Cinema North 1-5

3375 W. Siebenthaler Avenue,
Dayton, OH 45404

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The Fox North/West Plaza Theater opened on Christmas 1967.

It was sold to Chakeres Theatres by 1975 and renamed Cinema North. Cinema North was twinned in 1984, and, later, three new screens were built in the back of the theater and the theater became known as the Cinema North 1-5.

National Amusements purchased the theater in 1988 and eventually closed it in September 1998 for good.

Contributed by David Sparks

Recent comments (view all 14 comments)

kencmcintyre on April 30, 2008 at 9:03 pm

Here is an undated photo from

Jack Oberleitner
Jack Oberleitner on June 23, 2008 at 4:21 pm

When I first came to the Dayton, OH area, the north and Northwest side of Dayton had several successful drive-ins, plus indoors like the stylish Kon Tiki; Loews Ames (a comfortable neighborhood house), the modernistic Fox Northwest and the Ritz (originally a new Walter Reed cinema) and the Salem Mall Cinemas. The latter was housed in one of the nicest, fashionable regional Malls of the time.

When Chakeres Theatres took over the Cinema North they updated, remodeled the facility. A beautiful huge, real crystal chandelier was added to the lobby area. The new Cinema North performed nicely as a “re-born” first-run house.

Sadly, vandals and gangs took their toll on the entire area. Fast food restaurants added bullet proof glass to the drive-in windows and one by one ALL of the above mentioned theatres closed. A shooting in the Salem Mall Cinemas was the final bell for the cinemas that had been struggling to stay open under new, local ownership. Eventually the entire Salem Mall was closed and torn down. While I’m not aware of serious problems IN the Cinema North, parking lot, vandalism there and other locations hastened the decade-long demise of this once proud area.

The sad truth is that many cities have experienced similar problems, or worse. It’s a shame to see so much history and beauty destroyed by a handful of hoodlums and thugs. It’s so much more relaxing to watch a movie when the person behind you isn’t “packing heat!”

TerryBear on November 9, 2008 at 5:58 pm

This theater and the Fox Kettering originally opened as National General theaters. Both got roadshows of movies like “Tora Tora Tora”, “Cabaret”, and “Planet of The Apes”. Comfortable seats, very large screen, and friendly personnel. The theater was built on the border of what was then an upscale area of Dayton.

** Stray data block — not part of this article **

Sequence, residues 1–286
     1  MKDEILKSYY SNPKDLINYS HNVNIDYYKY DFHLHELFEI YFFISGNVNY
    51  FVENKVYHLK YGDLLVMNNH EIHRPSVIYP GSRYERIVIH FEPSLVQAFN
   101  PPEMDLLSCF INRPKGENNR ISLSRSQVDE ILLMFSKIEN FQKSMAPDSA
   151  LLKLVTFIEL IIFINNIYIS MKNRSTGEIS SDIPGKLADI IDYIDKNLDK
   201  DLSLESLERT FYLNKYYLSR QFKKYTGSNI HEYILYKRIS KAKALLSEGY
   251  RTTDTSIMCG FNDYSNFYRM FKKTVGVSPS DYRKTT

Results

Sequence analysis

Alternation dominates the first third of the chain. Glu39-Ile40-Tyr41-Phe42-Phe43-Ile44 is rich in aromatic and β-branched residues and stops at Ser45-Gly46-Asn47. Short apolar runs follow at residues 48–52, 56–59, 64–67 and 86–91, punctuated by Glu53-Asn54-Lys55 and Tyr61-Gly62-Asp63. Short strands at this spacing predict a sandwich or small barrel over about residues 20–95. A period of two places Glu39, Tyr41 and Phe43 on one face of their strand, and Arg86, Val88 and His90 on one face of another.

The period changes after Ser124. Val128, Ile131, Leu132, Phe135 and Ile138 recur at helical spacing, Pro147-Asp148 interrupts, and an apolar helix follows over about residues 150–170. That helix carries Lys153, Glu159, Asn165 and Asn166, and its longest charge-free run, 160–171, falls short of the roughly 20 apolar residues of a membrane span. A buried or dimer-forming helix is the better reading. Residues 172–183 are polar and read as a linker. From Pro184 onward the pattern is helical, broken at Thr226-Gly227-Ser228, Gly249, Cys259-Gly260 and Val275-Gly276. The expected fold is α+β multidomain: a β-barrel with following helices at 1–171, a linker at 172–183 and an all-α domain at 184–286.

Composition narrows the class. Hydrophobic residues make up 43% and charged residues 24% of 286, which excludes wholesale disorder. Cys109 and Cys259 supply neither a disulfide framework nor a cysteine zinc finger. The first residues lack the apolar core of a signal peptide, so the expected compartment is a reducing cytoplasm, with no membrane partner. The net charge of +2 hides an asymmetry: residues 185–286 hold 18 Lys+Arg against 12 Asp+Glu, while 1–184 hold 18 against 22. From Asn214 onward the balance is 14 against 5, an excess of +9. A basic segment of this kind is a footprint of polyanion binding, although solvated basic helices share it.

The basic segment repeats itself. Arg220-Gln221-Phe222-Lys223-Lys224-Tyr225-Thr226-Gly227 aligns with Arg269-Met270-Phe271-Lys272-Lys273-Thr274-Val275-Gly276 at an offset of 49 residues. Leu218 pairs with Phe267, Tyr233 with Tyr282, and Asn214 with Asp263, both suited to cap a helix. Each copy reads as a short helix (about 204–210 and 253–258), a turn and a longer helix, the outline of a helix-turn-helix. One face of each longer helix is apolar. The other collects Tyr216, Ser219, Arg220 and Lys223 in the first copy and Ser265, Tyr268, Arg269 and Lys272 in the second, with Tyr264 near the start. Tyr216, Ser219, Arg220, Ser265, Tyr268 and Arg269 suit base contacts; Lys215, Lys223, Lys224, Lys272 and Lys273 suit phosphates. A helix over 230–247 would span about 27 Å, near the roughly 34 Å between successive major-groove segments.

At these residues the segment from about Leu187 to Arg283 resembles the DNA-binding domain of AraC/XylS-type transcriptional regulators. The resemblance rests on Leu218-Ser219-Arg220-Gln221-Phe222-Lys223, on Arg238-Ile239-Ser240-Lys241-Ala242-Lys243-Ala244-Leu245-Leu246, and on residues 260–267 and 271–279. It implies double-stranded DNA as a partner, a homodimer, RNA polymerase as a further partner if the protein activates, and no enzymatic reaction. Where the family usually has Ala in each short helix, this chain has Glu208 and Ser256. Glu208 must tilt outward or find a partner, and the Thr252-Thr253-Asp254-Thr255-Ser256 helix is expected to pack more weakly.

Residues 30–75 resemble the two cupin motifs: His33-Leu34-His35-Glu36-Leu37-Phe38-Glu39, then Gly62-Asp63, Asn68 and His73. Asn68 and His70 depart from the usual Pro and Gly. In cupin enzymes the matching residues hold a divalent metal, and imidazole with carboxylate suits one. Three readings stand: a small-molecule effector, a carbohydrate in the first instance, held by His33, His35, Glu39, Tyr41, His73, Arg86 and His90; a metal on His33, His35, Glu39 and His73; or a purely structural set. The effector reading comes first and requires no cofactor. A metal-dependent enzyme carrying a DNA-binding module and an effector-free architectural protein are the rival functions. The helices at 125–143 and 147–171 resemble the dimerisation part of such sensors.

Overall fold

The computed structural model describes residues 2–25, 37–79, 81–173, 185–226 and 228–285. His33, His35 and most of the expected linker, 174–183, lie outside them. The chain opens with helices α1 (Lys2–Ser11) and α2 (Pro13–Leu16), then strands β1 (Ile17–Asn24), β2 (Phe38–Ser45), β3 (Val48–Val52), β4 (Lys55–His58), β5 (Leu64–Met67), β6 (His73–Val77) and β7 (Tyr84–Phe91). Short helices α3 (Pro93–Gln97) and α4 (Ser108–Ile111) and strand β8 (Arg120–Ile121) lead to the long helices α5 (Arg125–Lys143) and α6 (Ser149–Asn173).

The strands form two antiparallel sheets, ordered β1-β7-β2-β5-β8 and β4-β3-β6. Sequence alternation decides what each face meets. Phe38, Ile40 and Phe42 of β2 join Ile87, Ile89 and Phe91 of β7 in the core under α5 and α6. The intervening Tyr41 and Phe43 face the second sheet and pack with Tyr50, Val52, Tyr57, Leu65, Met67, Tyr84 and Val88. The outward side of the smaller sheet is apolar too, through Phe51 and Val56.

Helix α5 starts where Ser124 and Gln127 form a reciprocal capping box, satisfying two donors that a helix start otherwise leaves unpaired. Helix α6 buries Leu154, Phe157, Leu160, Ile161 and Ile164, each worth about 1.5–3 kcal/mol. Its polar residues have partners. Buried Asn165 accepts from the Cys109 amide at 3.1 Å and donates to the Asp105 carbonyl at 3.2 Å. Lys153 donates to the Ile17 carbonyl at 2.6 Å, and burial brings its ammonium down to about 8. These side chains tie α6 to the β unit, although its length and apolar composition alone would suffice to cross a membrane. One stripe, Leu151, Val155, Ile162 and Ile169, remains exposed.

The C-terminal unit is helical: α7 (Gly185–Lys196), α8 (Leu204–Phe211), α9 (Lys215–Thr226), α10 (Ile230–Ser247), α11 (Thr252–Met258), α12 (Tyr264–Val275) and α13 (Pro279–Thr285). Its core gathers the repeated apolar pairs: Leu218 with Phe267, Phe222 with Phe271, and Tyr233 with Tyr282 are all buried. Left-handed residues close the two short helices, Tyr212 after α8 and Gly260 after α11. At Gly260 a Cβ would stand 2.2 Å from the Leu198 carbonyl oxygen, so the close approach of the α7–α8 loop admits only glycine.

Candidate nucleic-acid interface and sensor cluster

ZookieFreddie on February 22, 2009 at 5:45 pm

There are two references to a shooting during the showing of Boyz/Hood. Only one is correct, sorry to tell you. The shooting, which resulted in death, was at the SALEM MALL theater in 1991 and not this one.

Mike Richardson
Mike Richardson on May 17, 2009 at 5:29 pm

I just got back from the Dayton Amateur Radio Convention. This is what I saw. The sign out front says: Available, Anchor Associates, Contact: Amy Holter, (513)784-1106. All glass is now covered with wood. All plastic and lamps are out of the marquee. The bulbs and some glass are smashed in a pile in the lot behind the newer section in the rear. Only the metal skeleton of the marquis is left. All three RTU’s above the new section on the rear are missing side panels. Garbage dumped at rear of back lot.

Mike Richardson
Mike Richardson on July 20, 2010 at 1:09 pm

We got some shots of this while up attending the Dayton Amateur Radio Convention. They’re on Cinematour.

rivest266 on January 17, 2014 at 4:25 am

This theatre has the same design as the Valley Circle theatre in San Diego.

MovieMad52 on April 5, 2014 at 5:40 pm

The comment from Terrybear was incorrect about CABARET playing at the Northwest Plaza. Allied Artists made a circuit wide deal with National General after it had secured a date with the McCook Theatre. The owners of the McCook sued and the date was restored to the McCook.

Joe Vogel
Joe Vogel on August 9, 2014 at 10:22 pm

rivest266 is right. The Cinema North bears a striking resemblance to the Valley Circle Theatre in San Diego, California. It looks as though National General used the same plans, by Beverly Hills architect Harold Levitt, for both theaters. I recall seeing a photo of another almost identical theater (somewhere in Missouri, I think) but I can’t recall the name of it.

Joe Vogel
Joe Vogel on August 9, 2014 at 11:27 pm

I remember now that the other theater of this design was the Mark Twain Theatre in Sunset Hills, Missouri. Boxoffice attributes that design to Harold W. Levitt, Ernest W. LeDuc, and William H. Farwell, all of Los Angeles. LeDuc and Farwell were members of the firm of Harold W. Levitt & Associates.

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